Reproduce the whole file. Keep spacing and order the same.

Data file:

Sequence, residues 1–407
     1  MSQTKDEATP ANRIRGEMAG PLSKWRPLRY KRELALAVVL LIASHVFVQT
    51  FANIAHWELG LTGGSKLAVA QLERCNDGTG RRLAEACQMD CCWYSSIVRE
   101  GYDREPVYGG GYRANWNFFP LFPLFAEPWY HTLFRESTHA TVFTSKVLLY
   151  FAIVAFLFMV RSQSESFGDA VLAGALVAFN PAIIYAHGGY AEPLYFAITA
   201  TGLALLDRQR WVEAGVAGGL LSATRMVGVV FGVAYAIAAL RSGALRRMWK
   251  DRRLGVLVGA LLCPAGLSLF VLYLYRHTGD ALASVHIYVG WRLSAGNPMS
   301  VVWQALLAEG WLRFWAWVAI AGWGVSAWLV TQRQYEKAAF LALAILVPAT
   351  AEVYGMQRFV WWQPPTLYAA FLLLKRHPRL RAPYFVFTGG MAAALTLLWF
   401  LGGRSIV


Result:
Sequence, residues 1–407
     1  MSQTKDEATP ANRIRGEMAG PLSKWRPLRY KRELALAVVL LIASHVFVQT
    51  FANIAHWELG LTGGSKLAVA QLERCNDGTG RRLAEACQMD CCWYSSIVRE
   101  GYDREPVYGG GYRANWNFFP LFPLFAEPWY HTLFRESTHA TVFTSKVLLY
   151  FAIVAFLFMV RSQSESFGDA VLAGALVAFN PAIIYAHGGY AEPLYFAITA
   201  TGLALLDRQR WVEAGVAGGL LSATRMVGVV FGVAYAIAAL RSGALRRMWK
   251  DRRLGVLVGA LLCPAGLSLF VLYLYRHTGD ALASVHIYVG WRLSAGNPMS
   301  VVWQALLAEG WLRFWAWVAI AGWGVSAWLV TQRQYEKAAF LALAILVPAT
   351  AEVYGMQRFV WWQPPTLYAA FLLLKRHPRL RAPYFVFTGG MAAALTLLWF
   401  LGGRSIV